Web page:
What is Business Email Compromise?
Business Email Compromise is when a fraudster sends an email posing as a trusted party (your boss, a key vendor, etc.) and asks for sensitive information or for you to make a payment or update payment instructions. This can occur where the sender manipulates the “from” email address or when a legitimate email account has been compromised.
Fraudsters can also pose as you and similarly try to trick your customers or other employees.
To help protect your organization against fraud losses, always check with the requestor in person or by phone at a known number that the request is legitimate before acting, even if the email appears to be internal.
Also let those you regularly email know never to rely just on an email from you for any banking change, unexpected payment request or sensitive information.
- Inquire with your technology service provider or your internal technology function about the security protocols that are in place to prevent common email schemes.
- Establish a company domain for email instead of using services like Gmail. Businesses using open source email are easily targeted as there are few global security settings available using “free” email accounts.
- Limit access to personal email / free email services in your domain.
- Implement centralized email protection systems to screen emails for spoofing and malware.
- Configure your email system to automatically place banners or flags on emails from external domains to heighten receiver awareness of potential red flags.
- Use encryption for emails containing account numbers or other sensitive information.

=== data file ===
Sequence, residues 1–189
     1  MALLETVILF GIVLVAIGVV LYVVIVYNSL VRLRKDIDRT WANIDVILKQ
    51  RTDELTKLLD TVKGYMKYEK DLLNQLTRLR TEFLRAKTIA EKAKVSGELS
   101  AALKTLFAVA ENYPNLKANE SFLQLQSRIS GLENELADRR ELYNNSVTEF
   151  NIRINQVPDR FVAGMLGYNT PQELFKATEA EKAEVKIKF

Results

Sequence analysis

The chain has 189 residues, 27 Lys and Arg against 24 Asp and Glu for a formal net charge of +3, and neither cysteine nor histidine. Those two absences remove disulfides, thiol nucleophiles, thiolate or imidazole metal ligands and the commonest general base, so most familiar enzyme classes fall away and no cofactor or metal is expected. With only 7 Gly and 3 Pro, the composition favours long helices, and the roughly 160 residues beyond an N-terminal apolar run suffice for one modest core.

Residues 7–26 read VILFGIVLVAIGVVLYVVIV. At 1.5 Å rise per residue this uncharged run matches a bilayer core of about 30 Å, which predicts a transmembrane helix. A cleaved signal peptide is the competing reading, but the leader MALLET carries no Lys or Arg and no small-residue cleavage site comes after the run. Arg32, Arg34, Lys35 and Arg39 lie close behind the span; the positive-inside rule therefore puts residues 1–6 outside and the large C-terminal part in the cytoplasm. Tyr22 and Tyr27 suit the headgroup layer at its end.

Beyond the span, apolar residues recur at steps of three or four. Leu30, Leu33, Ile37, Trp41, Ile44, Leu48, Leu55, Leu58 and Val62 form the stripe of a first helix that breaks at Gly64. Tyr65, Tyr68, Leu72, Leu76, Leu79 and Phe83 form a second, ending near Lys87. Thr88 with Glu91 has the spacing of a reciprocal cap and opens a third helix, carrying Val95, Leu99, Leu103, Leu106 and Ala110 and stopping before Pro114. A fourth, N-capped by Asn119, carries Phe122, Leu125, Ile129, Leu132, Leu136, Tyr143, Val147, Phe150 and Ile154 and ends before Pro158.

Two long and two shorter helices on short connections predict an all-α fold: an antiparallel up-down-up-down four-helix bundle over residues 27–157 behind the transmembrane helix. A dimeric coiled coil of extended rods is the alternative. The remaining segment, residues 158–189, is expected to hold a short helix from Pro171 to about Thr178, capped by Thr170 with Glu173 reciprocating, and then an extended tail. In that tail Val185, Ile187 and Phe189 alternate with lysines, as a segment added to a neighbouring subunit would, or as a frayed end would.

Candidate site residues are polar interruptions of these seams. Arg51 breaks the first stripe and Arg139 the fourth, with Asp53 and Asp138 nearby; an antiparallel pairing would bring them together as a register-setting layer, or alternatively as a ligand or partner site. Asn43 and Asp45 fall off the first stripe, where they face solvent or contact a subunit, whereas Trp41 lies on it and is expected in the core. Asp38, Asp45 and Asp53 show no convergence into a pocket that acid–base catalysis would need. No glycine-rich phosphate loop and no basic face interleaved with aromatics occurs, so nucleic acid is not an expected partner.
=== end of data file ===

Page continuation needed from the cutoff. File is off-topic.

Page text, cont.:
- Deploy multi-factor authentication on mobile devices receiving / sending email.
- If you don’t need web access to email, configure your mail service settings to eliminate access to it outside of your domain. It provides another attack point for criminals. If you must provide use it, ensure it is deployed securely by a professional technology provider.
Email red flags
- Be suspicious of requests for secrecy or urgency.
- Is the request consistent with earlier requests? Does it make sense they would make this request by email?
- Watch for small changes that mimic real email addresses. For example, “@companyname.com” may be changed by replacing the “o” with a numerical value “0”, such as “@c0mpanyname.com”, a close approximation that may escape notice by a receiver.
- Even if you don’t see red flags, always validate requests using a phone at a known number or another, separate non-email communication. In some case fraudsters have hacked into and are using the other party’s legitimate email address. These emails can be especially convincing.
If you're hit by a BEC Scam act quickly
- Gather the details – transaction dates, amounts, and account information, when and how you believe you were defrauded, etc.
- Keep all original documentation such as emails and logs
- Contact Treasury Management Client Services at (616) 494-1455 or firstname.lastname@example.org as soon as you uncover the attack – timing is critical for an attempt to recoup funds
- File a report with the IC3 at www.IC3.gov or contact your local FBI office
- Complete an internal review to determine how the attack occurred and if changes are needed – increased security on your email system? more employee training? additional internal controls? etc.